Sunday, 5 October 2014

Today I Learned: the Strassen Algorithm

There's a reason why most of us are taught addition before multiplication - it's just so much easier (*). And so, it was pretty big deal when people invented Logarithms, because the fact that \begin{align}\log(xy)=\log(x)+\log(y)\end{align} meant that (provided that you could convert from a number \(x\) into its logarithm \(\log(x)\)) you were able to covert a multiplication problem into an addition one.

Now, I must admit that I was super-surprised to find out that the first (proper) logarithm ever developed was (more-or-less) done in base \(1-10^{-7}\). It...just seemed sooooooo arbitrary! Though, I think that there's probably a good astronomy-based explanation for why this base was chosen (**)... in fact, I might've even heard this explained on one of the recent episodes of the BBC In Our Time podcast? (hint: you should totes go check it out =P)

Analogously, matrix multiplication is also harder than matrix addition. And the fact that even for \(2\times2\) matrices, matrix multiplication \begin{align} \left[\begin{array}{c}{c} a_{11} & a_{12} \\ a_{21} & a_{22}\end{array}\right] \left[\begin{array}{c}{c} b_{11} & b_{12} \\ b_{21} & b_{22}\end{array}\right] = \left[\begin{array}{c}{c} a_{11}\times b_{11}+a_{12}\times b_{21} & a_{11}\times b_{12}+a_{12}\times b_{22} \\ a_{21}\times b_{11}+a_{22}\times b_{21} & a_{21}\times b_{12}+a_{22}\times b_{22}\end{array}\right] \end{align} actually requires 8 little multiplications just adds insult to injury...ammirite?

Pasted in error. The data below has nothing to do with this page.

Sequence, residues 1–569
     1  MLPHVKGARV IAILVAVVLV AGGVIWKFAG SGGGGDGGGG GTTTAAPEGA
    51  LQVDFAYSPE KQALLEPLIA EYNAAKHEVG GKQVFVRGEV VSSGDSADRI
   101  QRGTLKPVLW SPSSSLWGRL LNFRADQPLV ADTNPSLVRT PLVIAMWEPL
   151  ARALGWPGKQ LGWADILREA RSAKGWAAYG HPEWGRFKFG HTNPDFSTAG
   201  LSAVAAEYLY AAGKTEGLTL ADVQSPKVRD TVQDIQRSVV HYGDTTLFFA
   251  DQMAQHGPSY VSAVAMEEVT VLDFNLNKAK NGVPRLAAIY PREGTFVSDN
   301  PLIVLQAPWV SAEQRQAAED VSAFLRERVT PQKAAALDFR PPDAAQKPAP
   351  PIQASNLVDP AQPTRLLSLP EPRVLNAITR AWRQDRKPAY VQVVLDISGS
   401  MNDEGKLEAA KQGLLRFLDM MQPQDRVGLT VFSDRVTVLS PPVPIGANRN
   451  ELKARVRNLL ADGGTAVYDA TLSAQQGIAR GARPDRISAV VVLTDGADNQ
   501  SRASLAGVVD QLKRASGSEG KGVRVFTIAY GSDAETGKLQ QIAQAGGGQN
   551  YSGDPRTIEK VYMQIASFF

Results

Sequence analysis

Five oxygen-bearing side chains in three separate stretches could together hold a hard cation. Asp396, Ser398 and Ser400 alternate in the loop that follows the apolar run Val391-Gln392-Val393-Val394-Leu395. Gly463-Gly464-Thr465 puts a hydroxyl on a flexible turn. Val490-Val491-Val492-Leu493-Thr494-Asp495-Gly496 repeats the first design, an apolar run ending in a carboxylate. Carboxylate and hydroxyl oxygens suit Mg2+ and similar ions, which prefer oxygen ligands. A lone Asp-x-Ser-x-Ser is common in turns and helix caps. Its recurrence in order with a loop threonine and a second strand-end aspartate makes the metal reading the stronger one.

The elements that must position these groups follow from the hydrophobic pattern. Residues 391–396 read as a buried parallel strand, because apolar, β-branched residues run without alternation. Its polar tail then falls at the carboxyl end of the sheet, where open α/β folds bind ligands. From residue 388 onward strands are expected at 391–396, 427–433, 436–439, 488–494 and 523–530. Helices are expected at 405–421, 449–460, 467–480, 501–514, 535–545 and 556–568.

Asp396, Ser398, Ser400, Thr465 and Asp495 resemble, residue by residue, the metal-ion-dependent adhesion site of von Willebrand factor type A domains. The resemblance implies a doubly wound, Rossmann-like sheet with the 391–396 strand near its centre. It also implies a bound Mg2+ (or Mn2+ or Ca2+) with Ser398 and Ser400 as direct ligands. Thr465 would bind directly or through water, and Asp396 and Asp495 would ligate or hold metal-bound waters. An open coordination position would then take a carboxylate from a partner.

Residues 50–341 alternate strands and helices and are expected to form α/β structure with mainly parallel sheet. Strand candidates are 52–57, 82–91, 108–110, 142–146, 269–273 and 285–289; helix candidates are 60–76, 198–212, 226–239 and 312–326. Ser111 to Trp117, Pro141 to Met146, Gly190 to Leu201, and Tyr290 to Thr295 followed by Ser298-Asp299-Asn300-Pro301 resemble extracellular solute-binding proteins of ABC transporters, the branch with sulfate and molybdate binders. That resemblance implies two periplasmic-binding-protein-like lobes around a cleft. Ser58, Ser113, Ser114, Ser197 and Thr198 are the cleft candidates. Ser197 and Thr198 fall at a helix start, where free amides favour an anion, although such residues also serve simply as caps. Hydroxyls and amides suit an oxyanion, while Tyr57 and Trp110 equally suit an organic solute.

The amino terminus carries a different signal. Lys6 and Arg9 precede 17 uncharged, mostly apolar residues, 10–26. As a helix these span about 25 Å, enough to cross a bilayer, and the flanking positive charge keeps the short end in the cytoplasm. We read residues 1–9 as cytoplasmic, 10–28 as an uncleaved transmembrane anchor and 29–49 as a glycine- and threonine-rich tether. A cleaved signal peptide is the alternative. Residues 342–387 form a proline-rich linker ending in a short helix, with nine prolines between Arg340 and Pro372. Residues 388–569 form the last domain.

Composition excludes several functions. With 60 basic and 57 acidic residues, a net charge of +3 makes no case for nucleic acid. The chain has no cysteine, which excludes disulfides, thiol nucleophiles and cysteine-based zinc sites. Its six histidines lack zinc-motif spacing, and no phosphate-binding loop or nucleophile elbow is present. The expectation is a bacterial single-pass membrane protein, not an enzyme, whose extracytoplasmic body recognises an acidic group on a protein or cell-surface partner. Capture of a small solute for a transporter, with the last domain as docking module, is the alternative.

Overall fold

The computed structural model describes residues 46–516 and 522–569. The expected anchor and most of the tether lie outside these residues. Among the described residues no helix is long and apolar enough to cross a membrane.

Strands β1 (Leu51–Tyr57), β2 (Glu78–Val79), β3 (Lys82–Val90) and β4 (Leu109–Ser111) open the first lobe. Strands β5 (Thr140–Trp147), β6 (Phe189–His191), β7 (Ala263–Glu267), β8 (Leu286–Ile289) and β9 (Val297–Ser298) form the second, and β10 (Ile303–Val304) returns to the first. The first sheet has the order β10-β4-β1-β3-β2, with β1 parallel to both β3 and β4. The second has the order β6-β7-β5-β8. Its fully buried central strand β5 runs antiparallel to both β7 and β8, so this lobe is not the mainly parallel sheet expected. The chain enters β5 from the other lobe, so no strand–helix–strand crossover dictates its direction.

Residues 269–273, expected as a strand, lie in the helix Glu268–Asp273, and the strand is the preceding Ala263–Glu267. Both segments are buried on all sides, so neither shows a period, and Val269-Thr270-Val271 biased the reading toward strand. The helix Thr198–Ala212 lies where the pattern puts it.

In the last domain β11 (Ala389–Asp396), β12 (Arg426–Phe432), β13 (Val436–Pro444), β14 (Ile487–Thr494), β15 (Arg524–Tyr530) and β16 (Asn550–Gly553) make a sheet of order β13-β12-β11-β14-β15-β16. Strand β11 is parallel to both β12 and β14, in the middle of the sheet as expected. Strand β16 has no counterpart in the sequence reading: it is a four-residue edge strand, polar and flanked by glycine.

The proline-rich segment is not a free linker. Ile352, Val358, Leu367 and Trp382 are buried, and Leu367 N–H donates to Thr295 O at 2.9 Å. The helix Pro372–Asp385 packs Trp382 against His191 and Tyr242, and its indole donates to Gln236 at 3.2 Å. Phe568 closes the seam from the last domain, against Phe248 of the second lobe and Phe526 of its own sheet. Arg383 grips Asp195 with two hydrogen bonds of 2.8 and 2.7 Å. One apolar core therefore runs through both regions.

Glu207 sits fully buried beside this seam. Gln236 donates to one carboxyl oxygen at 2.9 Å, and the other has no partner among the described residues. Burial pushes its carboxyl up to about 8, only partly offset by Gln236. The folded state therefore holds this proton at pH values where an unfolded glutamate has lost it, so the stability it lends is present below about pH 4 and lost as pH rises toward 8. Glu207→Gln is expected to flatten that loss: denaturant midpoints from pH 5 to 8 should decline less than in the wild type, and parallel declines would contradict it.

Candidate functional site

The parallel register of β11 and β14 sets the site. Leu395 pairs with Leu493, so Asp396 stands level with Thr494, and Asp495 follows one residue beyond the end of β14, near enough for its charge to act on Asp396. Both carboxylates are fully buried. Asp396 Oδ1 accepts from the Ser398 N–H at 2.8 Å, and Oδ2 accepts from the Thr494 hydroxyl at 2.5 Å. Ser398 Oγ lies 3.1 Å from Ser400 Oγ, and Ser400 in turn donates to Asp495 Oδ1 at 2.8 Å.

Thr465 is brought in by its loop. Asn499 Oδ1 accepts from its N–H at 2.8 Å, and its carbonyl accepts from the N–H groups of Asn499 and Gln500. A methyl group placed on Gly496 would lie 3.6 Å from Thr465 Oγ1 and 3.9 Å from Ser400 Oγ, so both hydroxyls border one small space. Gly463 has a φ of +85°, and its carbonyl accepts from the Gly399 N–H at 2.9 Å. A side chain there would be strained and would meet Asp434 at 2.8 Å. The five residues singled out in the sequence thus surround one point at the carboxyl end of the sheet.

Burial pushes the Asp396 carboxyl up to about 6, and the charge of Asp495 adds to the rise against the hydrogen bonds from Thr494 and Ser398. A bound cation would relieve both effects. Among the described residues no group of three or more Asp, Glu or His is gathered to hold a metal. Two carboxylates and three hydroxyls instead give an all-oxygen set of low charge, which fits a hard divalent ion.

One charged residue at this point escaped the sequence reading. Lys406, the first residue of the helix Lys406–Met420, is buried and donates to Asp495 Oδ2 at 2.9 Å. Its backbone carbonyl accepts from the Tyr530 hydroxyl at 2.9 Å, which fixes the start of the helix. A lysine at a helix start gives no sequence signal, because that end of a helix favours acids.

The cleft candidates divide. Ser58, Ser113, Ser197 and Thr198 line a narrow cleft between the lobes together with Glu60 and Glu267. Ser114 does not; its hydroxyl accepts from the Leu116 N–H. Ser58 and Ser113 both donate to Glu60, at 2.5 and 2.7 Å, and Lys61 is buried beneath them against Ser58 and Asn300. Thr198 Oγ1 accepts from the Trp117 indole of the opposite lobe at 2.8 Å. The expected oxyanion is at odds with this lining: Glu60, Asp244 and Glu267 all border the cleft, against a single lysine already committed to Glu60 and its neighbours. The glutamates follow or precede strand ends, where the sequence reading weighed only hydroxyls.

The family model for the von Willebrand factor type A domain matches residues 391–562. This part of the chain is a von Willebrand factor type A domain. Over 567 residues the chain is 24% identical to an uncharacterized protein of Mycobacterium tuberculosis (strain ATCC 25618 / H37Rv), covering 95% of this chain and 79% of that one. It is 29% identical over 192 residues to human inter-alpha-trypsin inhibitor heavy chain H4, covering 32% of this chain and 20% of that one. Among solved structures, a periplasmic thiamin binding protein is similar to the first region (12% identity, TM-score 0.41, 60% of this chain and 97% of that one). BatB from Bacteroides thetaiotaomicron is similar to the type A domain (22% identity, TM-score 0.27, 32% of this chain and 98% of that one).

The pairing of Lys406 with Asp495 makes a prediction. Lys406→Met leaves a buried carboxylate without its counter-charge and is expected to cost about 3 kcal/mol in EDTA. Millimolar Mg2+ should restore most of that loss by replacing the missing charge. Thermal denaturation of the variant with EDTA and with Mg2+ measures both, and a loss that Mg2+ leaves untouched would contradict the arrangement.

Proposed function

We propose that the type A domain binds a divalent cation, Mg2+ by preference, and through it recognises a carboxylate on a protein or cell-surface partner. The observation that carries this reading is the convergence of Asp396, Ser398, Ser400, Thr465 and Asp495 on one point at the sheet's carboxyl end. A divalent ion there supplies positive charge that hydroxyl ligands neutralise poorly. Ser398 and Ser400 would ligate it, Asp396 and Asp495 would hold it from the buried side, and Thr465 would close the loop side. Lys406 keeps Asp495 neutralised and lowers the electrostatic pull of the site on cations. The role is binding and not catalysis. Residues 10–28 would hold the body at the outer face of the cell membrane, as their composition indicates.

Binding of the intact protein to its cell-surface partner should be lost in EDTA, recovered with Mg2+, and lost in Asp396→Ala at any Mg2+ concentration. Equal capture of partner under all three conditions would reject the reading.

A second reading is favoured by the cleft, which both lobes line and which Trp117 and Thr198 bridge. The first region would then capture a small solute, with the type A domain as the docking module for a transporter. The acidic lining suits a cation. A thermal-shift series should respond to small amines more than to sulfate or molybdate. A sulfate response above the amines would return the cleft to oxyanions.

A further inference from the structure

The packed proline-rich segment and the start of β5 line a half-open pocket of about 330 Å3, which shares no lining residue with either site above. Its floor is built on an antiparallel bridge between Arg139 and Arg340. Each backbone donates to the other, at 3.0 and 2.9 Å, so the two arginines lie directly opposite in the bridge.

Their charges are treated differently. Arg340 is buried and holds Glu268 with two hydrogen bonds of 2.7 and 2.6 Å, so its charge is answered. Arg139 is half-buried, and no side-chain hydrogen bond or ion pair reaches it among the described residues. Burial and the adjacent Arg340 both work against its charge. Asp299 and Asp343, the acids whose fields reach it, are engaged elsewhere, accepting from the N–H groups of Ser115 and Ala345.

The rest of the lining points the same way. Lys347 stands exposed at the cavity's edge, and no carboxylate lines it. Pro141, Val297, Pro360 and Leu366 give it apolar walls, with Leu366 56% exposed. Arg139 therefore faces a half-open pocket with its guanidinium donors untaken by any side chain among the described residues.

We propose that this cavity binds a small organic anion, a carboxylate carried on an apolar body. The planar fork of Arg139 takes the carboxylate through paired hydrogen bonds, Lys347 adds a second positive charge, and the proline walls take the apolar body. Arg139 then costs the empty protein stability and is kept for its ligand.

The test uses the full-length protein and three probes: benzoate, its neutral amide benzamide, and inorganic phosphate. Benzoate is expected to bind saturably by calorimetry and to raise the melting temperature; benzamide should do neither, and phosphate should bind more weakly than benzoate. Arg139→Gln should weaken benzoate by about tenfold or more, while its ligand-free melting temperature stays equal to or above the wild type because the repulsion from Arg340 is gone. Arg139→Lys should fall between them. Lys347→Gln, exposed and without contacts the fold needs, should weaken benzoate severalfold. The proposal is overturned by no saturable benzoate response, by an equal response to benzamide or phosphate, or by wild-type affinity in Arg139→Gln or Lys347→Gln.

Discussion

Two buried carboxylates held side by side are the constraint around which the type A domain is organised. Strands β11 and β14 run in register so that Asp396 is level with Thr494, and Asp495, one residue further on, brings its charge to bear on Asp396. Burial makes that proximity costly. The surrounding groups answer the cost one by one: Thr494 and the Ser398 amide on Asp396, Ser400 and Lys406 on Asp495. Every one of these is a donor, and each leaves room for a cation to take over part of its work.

Weeeeell, fear no more! Because we can totally reduce \(2\times2\) matrix multiplication down to just 7 multiplications (***)! And here's how:

Start by computing these guys:
  1. \(m_1:=(a_{11}+a_{22})\times (b_{11}+b_{22})\),
  2. \(m_2:=(a_{21}+a_{22})\times b_{11}\),
  3. \(m_3:=a_{11}\times (b_{12}- b_{22})\),
  4. \(m_4:=a_{22}\times (b_{21}-b_{11})\),
  5. \(m_5:=(a_{11}+a_{12})\times b_{22}\),
  6. \(m_6:=(a_{21}-a_{11})\times (b_{11}+b_{12})\),
  7. \(m_7:=(a_{12}-a_{22})\times (b_{21}+b_{22})\).
This takes up all 7 of the multiplications that we're allowing ourselves. To finish off the matrix multiplication, the four entries of our multiplied matrix are given by:
  1. \(m_1+m_4-m_5+m7\),
  2. \(m_3+m_5\),
  3. \(m_2+m_4\),
  4. \(m_1-m_2+m_3+m_6\).
Et voila! THIS is called the Strassen Algorithm.

Now, this might seem like kind of a stupid thing to do, but I think that it was supposedly kinda useful in the early days of computing, i.e.: when computers had trouble handling multiplication. Just...umm...goes to show, right? much harder than addition. =P

 *: unless if you're dealing with \(0\) which case, it's pretty easy either way
**: coupled with the fact that \((1-10^{-7})^{10^7}\approx\frac{1}{e}\)
***: but with a few more additions, which is fine, because additions are totally easier than multiplications

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